As far as the rest of the Discovering Mathematics series goes, since 8A/8B is not out yet (which will replace DM 2A/2B) and the Singapore company is not yet sure what they will do with DM 3A/3B, and 4A/4B; we decided that it was time to take another look at math options for Algebra I.

With this in mind, we went back to the drawing board and took a good look at all of the main Algebra I options out there. We ended up, after much comparing of texts, with Foerster's Algebra I as our recommendation for a text-based program. So, now we have 3 different options that we recommend for Algebra I. These include

**Foerster's Algebra I**(for a textbook-based option with clear examples),

**No-Nonsense Algebra I**(for students who have struggled with math in the past or who might find Algebra I very challenging), or

**VideoText Algebra**(for a strong video-based option). The description for each program is found below.

**Foerster's Algebra I:**

The Prentice Hall Classics line brings back some bestselling programs with an updated copyright. With Classics you can count on solid traditional instruction, a proven approach and sequence to the content, a return to your favorite program, and more value!

Using a highly motivational approach to concepts, the texts include imaginative applications and clear problems derived from the real world. These classic texts are perfect for honors-level classes or for anyone needing solid step-by-step instruction taken to the next level.

We are currently using this program with our second oldest son and are really enjoying the step-by-step explanations and the throughness of the text. It is written directly to the student and provides plenty of practice problems rising in difficulty throughout the assignment. Students who have come up through Heart of Dakota’s recommended math successfully through Singapore 6A/6B should be able to transition into Foerster’s Algebra I well.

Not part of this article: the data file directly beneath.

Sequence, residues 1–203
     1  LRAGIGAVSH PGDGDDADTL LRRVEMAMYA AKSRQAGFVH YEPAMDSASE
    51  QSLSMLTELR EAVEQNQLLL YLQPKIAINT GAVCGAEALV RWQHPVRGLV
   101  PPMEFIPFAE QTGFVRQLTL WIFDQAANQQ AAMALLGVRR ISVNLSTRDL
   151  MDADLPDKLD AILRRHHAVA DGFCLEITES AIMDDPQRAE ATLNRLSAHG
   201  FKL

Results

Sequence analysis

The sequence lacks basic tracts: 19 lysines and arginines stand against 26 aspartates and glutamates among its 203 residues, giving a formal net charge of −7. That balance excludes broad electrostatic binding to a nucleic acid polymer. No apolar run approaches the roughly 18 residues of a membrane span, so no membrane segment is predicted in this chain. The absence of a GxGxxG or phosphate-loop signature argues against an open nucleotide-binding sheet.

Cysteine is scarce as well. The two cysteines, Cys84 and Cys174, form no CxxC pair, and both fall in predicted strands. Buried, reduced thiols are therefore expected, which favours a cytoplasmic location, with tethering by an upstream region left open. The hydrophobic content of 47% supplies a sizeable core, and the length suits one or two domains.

For those families who have come up through a different math path, you will want to be sure to have had the equivalent of Pre-Algebra prior to entering Foerster’s Algebra I text. This text is the best “teaching” textbook in written form that we’ve found after looking at all of the currently available options for Algebra I. If you like the textbook approach, and enjoy the benefit of excellent examples worked for your student (and explained) this text is one of the best.

If you hit a roadblock with the text, there are also DVD lessons available from Math Without Borders that teach each lesson in the text. We recommend beginning without the DVD’s (and then seeing if you need them later). The text also includes answers to the odd numbered problems in its Appendix. A fully worked solutions manual for all problems is also available for purchase through Heart of Dakota, but only if you have also purchased the Student Text from us as well or have purchased a Heart of Dakota guide to use in teaching your students. This is due to the Publisher’s regulations for proving that Solutions Manuals are purchased for homeschool use by homeschool families.

Table of Contents

Chapter 1 Expressions and Equations

Chapter 2 Operations with Negative Numbers

Chapter 3 Distributing: Axioms and Other Properties

Chapter 4 Harder Equations

Chapter 5 Some Operations with Polynomials and Radicals